The logic and mathematics of occasion sentences

Linguistics and Philosophy 24 (5):531-595 (2001)
Abstract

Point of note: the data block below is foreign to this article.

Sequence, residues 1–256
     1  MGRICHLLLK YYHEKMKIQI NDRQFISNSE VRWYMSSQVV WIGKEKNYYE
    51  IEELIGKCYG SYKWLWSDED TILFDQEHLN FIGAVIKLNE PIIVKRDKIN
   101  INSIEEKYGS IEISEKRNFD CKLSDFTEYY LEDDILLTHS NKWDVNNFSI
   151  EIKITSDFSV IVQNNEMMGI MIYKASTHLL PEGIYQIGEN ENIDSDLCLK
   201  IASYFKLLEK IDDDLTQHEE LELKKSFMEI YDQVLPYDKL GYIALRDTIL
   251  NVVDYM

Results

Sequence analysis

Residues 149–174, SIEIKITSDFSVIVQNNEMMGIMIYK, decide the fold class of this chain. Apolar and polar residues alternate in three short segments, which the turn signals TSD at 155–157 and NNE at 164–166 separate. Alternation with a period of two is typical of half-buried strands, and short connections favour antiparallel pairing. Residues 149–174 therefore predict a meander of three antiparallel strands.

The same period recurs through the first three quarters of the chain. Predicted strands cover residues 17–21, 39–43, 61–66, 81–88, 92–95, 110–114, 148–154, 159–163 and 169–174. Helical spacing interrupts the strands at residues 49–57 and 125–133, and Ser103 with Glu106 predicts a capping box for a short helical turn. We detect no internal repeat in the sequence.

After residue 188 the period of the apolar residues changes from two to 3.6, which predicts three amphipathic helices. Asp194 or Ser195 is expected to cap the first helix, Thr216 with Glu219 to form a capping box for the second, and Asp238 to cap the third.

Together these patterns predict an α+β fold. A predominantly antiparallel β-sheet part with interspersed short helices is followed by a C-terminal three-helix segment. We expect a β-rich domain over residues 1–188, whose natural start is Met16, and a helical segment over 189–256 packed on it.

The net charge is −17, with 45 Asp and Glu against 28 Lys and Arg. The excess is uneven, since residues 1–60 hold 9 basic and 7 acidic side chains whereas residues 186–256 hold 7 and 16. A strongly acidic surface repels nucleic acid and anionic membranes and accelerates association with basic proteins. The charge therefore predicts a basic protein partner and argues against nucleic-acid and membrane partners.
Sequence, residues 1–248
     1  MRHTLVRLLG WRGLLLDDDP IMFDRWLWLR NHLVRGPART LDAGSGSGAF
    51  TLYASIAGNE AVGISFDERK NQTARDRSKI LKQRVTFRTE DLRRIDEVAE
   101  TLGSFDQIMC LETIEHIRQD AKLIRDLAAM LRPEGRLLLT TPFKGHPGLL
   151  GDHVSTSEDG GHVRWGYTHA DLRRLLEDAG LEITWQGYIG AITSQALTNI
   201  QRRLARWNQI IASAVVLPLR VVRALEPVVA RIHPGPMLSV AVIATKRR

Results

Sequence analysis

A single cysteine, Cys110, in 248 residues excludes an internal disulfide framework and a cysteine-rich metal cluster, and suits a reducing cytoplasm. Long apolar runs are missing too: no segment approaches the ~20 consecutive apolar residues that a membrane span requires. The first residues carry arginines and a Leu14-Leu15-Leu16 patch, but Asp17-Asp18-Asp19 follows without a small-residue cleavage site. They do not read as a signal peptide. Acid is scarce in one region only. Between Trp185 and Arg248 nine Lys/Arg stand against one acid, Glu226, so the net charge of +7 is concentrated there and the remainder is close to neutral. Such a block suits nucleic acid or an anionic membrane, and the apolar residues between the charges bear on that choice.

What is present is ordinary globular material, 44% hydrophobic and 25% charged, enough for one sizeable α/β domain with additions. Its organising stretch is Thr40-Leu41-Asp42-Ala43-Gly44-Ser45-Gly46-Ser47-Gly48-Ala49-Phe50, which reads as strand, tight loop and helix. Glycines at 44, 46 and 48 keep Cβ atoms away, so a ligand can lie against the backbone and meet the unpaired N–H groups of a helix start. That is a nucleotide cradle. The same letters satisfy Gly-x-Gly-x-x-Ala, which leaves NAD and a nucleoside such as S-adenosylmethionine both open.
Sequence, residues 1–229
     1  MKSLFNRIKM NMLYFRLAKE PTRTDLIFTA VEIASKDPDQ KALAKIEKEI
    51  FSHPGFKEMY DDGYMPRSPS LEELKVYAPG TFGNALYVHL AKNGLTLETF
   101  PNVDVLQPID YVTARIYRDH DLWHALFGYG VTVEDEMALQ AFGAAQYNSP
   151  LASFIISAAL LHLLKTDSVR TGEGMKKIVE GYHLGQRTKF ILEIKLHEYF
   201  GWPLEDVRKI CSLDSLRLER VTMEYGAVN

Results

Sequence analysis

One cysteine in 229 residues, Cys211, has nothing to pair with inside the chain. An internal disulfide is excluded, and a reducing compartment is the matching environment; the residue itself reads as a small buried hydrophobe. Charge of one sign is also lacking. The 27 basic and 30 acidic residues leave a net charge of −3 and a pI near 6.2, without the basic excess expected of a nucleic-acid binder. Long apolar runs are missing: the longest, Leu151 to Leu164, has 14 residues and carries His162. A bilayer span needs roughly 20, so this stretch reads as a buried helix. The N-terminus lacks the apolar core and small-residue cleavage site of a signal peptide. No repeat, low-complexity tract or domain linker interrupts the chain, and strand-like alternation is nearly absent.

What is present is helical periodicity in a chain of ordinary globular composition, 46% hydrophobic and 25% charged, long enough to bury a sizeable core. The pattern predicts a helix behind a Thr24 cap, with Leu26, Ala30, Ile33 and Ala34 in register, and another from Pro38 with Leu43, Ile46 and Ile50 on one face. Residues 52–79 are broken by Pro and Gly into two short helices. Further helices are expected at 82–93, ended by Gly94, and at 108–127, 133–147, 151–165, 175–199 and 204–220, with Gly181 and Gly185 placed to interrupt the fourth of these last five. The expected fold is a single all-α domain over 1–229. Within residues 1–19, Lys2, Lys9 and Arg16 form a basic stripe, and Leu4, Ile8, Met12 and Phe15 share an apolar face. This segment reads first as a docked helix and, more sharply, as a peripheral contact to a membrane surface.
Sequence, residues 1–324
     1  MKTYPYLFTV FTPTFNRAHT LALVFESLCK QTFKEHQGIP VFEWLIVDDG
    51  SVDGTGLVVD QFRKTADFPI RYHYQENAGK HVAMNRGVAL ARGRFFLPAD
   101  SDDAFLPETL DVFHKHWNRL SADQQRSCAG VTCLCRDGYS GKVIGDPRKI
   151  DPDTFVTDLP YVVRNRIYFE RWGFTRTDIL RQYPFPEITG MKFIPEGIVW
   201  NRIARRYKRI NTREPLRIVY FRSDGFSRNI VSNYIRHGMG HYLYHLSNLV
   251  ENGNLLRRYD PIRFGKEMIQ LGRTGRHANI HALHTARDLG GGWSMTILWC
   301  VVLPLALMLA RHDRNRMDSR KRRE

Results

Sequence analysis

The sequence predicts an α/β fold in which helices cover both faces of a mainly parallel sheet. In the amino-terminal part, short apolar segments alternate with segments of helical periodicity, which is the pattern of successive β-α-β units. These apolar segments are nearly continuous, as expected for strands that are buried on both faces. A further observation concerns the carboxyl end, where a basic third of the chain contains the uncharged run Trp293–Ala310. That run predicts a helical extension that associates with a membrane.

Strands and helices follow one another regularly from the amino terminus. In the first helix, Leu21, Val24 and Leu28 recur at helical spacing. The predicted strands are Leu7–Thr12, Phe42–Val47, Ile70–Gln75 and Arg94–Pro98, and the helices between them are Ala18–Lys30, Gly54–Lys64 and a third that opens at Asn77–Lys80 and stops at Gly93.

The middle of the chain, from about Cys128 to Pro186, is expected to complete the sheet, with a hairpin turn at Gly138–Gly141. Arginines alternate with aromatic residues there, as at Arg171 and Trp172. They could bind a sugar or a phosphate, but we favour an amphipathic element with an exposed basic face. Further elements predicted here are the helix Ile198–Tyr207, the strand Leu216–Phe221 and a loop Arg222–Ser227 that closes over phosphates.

The prime purpose of this paper is, first, to restore to discourse-bound occasion sentences their rightful central place in semantics and secondly, taking these as the basic propositional elements in the logical analysis of language, to contribute to the development of an adequate logic of occasion sentences and a mathematical (Boolean) foundation for such a logic, thus preparing the ground for more adequate semantic, logical and mathematical foundations of the study of natural language. Some of the insights elaborated in this paper have appeared in the literature over the past thirty years, and a number of new developments have resulted from them. The present paper aims atproviding an integrated conceptual basis for this new development in semantics. In Section 1 it is argued that the reduction by translation of occasion sentences to eternal sentences, as proposed by Russell and Quine, is semantically and thus logically inadequate. Natural language is a system of occasion sentences, eternal sentences being merely boundary cases. The logic hasfewer tasks than is standardly assumed, as it excludes semantic calculi, which depend crucially on information supplied by cognition and context and thus belong to cognitive psychology rather than to logic. For sentences to express a proposition and thus be interpretable and informative, they must first be properly anchored in context. A proposition has a truth value when it is, moreover, properly keyed in the world, i.e. is about a situation in the world. Section 2 deals with the logical properties of natural language. It argues that presuppositional phenomena require trivalence and presents the trivalent logic PPC3, with two kinds of falsity and two negations. It introduces the notion of -space for a sentence A (or A/A, the set of situations in which A is true) as the basis of logical model theory, and the notion of P A / (the -space of the presuppositions of A), functioning as a `private' subuniverse for A/A. The trivalent Kleene calculus is reinterpreted as a logical account of vagueness, rather than of presupposition. PPC3 and the Kleene calculus are refinements of standard bivalent logic and can be combined into one logical system. In Section 3 the adequacy of PPC3 as a truth-functional model of presupposition is considered more closely and given a Boolean foundation. In a noncompositional extended Boolean algebra, three operators are defined: 1a for the conjoined presuppositions of a, ã for the complement of a within 1a, and â for the complement of 1a within Boolean 1. The logical properties of this extended Boolean algebra are axiomatically defined and proved for all possible models. Proofs are provided of the consistency and the completeness of the system. Section 4 is a provisional exploration of the possibility of using the results obtained for a new discourse-dependent account of the logic of modalities in natural language. The overall result is a modified and refined logical and model-theoretic machinery, which takes into account both the discourse-dependency of natural language sentences and the necessity of selecting a key in the world before a truth value can be assigned.
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